|Enhancing Coherent Harmonic Generation using Tilted Laser Wavefronts
Funding: Work supported by BMBF (contract 05K13PE3)
Coherent Harmonic Generation (CHG) to produce ultrashort pulses of synchrotron radiation is based on the interaction of relativistic electrons in a storage ring with femtosecond laser pulses in an undulator. The resulting periodic energy modulation can be converted to a density modulation by a dispersive chicane, giving rise to coherent emission at harmonics of the laser wavelength in a second undulator. If the first undulator is in a section with non-zero dispersion, the density modulation can be enhanced using tilted laser wavefronts, thus delaying the phase-space distributions of electrons with different energy with respect to each other. The most simple way to realize the wavefront tilt would be to introduce a small crossing angle between the electron and laser beam. Details are discussed for the case of the CHG short-pulse facility at DELTA, a 1.5-GeV synchrotron light source at the TU Dortmund University, but HGHG and EEHG seeding of free-electron lasers could also be performed this way.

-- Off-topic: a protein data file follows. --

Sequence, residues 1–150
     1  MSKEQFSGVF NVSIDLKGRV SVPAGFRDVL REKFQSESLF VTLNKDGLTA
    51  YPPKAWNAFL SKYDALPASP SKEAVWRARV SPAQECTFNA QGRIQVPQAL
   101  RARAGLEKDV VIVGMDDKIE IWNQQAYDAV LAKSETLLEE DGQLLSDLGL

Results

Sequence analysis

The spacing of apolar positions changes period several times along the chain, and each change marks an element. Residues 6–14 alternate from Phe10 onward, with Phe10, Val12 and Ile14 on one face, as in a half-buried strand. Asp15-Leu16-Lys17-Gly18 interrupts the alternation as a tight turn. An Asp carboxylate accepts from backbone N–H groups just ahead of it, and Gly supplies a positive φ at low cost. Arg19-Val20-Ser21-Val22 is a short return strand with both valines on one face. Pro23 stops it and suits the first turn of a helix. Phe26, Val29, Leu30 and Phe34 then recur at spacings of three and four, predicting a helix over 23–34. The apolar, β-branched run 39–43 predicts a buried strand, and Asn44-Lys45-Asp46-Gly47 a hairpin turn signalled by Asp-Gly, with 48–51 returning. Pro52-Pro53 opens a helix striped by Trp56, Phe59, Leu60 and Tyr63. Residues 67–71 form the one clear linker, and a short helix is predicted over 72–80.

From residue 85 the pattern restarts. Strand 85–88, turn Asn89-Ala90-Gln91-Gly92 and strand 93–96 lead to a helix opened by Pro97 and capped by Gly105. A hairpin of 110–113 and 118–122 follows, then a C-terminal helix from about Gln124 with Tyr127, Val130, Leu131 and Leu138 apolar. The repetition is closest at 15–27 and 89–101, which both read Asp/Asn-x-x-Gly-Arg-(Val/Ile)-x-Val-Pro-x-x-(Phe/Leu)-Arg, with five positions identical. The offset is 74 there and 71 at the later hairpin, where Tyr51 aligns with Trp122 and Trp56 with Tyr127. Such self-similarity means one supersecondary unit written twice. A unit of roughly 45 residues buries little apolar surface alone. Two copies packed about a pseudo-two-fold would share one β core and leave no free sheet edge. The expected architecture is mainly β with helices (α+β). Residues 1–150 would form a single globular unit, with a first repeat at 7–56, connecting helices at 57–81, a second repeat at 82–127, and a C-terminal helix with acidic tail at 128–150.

|Novel Seeding and Wavelength Shifting in Free Electron Lasers
|Free Electron Lasers provide the opportunity for continuous tunability of light from the mm-wave region to hard x-rays. For example, single-pass SASE operation allows very short wavelength operation without using optical cavity structure; unfortunately, the resulting photon beam is poor in terms of longitudinal coherence and shot-to-shot stability. Seeding can greatly improved the longitudinal coherence and shot-to-shot stability but this is dependent on the availability of a suitable seed pulse and then the challenge remains of switching the wavelength quickly. Here a new concept is investigated, one called wavelength shifting where a solid seed source is utilized and then the resultant wavelength shifted to the desired result. This new idea can improve the longitudinal coherence as well as stabilize the shot-to-shot output power while permitting continuous wavelength tunability.